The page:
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NCJ Number: 208707 Find in a Library
Title: Special Technologies for Law Enforcement and Corrections
Journal: National Institute of Justice Journal  Issue:252  Dated:July 2005  Pages:22-27
Series: NIJ Journal
Author(s): William Falcon
Date Published: July 2005
Page Count: 6
Sponsoring Agency: National Institute of Justice/NCJRS
Rockville, MD 20849
Sale Source: National Institute of Justice/NCJRS
Box 6000
Rockville, MD 20849
United States of America
Document: HTML|PDF
Type: Program/Project Description
Format: Article
Language: English
Country: United States of America
Annotation: This article describes a few of the special technologies being developed in three regional facilities established by the National Institute of Justice (NIJ).
Abstract: The three regional facilities are the Border Research and Technology Center (BRTC), the National Law Enforcement and Corrections Technology Center (NLECTC)-Northwest, and the NLECTC-Southeast. BRTC, whose mission is to strengthen security technology capabilities and awareness along the Nation's borders, assisted an Arizona jail facility by determining the feasibility of using available drug-detection equipment to detect trace amounts of illicit drugs on or in inmate mail. The technology tested was a hand-portable unit (Hound II systems) developed by Sandia National Laboratories, and a benchtop detector (Barringer IONSCAN 400B), which is suitable only for use at a fixed location. Both types of equipment performed well in the mailroom setting, finding traces of methamphetamine, LSD, cocaine, and marijuana on and in approximately 10 percent of incoming inmate mail. NLECTC-Northwest provided technical assistance in the creation and mission of the Alaska Law Enforcement Information-Sharing System in the development of software and hardware that permits data interoperability (communication and data sharing across previously incompatible information systems) throughout the State. With its focus on information technology, NLECTC-Southeast has been providing geographic profiling assistance to law enforcement agencies for several years. Such profiling helps agencies understand how an offender traverses an area in search of victims. 11 notes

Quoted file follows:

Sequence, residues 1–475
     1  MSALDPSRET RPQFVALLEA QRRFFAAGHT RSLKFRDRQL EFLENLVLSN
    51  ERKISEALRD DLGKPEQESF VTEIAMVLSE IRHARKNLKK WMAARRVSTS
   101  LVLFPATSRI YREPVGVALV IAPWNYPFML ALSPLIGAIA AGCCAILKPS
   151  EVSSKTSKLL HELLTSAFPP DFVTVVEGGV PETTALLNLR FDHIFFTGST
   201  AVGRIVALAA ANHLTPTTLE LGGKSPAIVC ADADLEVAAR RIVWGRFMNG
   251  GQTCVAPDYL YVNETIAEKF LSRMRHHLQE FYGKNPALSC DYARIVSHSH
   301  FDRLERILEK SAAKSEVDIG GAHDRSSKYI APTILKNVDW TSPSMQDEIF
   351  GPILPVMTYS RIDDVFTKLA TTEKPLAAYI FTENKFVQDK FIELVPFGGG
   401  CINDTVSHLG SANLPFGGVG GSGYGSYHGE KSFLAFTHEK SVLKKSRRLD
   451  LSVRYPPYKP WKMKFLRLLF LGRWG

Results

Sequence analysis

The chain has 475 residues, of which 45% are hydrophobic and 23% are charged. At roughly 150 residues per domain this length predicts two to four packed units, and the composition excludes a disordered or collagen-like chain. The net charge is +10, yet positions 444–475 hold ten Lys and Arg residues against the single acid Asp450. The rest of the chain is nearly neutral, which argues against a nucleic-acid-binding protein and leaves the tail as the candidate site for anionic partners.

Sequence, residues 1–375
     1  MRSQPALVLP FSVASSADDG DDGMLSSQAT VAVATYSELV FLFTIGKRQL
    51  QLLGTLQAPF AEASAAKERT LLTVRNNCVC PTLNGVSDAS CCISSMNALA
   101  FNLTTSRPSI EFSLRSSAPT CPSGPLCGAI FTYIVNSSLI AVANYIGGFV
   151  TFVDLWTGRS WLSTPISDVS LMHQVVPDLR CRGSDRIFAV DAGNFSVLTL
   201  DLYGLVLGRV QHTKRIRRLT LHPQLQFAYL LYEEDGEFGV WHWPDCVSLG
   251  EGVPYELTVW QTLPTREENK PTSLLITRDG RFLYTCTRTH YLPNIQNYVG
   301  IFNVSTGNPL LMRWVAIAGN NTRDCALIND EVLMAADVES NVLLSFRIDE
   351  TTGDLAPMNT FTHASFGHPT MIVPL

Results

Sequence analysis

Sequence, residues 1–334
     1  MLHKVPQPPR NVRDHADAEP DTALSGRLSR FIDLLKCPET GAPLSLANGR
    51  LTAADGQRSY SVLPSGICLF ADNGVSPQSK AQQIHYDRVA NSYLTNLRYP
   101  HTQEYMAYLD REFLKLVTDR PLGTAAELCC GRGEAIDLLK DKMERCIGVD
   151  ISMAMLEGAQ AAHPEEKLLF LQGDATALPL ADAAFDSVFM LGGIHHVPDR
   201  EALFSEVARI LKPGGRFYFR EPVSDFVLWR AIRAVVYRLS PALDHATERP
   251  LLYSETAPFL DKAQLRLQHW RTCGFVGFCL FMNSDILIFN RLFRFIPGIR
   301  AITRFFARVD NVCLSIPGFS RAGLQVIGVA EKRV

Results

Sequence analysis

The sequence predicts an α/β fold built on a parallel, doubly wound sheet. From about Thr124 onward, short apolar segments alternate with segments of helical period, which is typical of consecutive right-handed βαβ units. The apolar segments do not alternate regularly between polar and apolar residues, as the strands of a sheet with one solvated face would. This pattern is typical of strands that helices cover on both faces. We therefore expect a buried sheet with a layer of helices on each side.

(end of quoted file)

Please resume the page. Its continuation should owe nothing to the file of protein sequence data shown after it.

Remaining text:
Main Term(s): Criminology
Index Term(s): Alaska; Drug abuse in correctional facilities; Drug detection; Geographic distribution of crime; Geographic information systems (GIS); Interagency cooperation; Regional information sharing systems; Science and Technology; Technology transfer; Telecommunications
To cite this abstract, use the following link:
http://www.ncjrs.gov/App/publications/abstract.aspx?ID=208707

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